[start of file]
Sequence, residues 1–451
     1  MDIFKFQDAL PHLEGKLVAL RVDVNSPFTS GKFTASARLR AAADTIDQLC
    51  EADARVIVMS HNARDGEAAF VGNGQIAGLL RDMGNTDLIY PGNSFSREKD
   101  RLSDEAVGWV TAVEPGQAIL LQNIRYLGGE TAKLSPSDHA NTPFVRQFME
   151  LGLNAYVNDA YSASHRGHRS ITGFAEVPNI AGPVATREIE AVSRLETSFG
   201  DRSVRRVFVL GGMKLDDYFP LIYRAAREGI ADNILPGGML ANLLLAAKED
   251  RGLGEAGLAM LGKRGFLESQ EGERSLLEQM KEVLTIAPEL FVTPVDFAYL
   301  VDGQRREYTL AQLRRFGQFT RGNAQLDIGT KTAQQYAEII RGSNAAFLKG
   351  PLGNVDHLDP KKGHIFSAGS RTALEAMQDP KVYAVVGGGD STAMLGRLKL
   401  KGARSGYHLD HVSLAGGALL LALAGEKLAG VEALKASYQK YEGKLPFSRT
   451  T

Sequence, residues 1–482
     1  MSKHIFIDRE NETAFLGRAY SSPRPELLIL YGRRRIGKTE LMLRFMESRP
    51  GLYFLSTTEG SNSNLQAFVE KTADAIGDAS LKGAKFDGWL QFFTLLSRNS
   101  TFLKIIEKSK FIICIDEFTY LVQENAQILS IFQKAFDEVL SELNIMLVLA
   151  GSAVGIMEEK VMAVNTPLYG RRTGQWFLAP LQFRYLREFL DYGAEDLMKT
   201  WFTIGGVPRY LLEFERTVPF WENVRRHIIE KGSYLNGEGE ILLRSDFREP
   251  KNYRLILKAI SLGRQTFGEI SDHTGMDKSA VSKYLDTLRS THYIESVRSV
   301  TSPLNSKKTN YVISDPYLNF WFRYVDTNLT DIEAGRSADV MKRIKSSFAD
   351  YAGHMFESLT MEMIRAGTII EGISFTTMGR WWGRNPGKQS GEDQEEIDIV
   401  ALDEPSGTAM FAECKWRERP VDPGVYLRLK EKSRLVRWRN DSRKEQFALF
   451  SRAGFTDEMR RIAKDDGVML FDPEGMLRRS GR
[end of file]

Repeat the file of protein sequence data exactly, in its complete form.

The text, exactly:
Sequence, residues 1–451
     1  MDIFKFQDAL PHLEGKLVAL RVDVNSPFTS GKFTASARLR AAADTIDQLC
    51  EADARVIVMS HNARDGEAAF VGNGQIAGLL RDMGNTDLIY PGNSFSREKD
   101  RLSDEAVGWV TAVEPGQAIL LQNIRYLGGE TAKLSPSDHA NTPFVRQFME
   151  LGLNAYVNDA YSASHRGHRS ITGFAEVPNI AGPVATREIE AVSRLETSFG
   201  DRSVRRVFVL GGMKLDDYFP LIYRAAREGI ADNILPGGML ANLLLAAKED
   251  RGLGEAGLAM LGKRGFLESQ EGERSLLEQM KEVLTIAPEL FVTPVDFAYL
   301  VDGQRREYTL AQLRRFGQFT RGNAQLDIGT KTAQQYAEII RGSNAAFLKG
   351  PLGNVDHLDP KKGHIFSAGS RTALEAMQDP KVYAVVGGGD STAMLGRLKL
   401  KGARSGYHLD HVSLAGGALL LALAGEKLAG VEALKASYQK YEGKLPFSRT
   451  T

Sequence, residues 1–482
     1  MSKHIFIDRE NETAFLGRAY SSPRPELLIL YGRRRIGKTE LMLRFMESRP
    51  GLYFLSTTEG SNSNLQAFVE KTADAIGDAS LKGAKFDGWL QFFTLLSRNS
   101  TFLKIIEKSK FIICIDEFTY LVQENAQILS IFQKAFDEVL SELNIMLVLA
   151  GSAVGIMEEK VMAVNTPLYG RRTGQWFLAP LQFRYLREFL DYGAEDLMKT
   201  WFTIGGVPRY LLEFERTVPF WENVRRHIIE KGSYLNGEGE ILLRSDFREP
   251  KNYRLILKAI SLGRQTFGEI SDHTGMDKSA VSKYLDTLRS THYIESVRSV
   301  TSPLNSKKTN YVISDPYLNF WFRYVDTNLT DIEAGRSADV MKRIKSSFAD
   351  YAGHMFESLT MEMIRAGTII EGISFTTMGR WWGRNPGKQS GEDQEEIDIV
   401  ALDEPSGTAM FAECKWRERP VDPGVYLRLK EKSRLVRWRN DSRKEQFALF
   451  SRAGFTDEMR RIAKDDGVML FDPEGMLRRS GR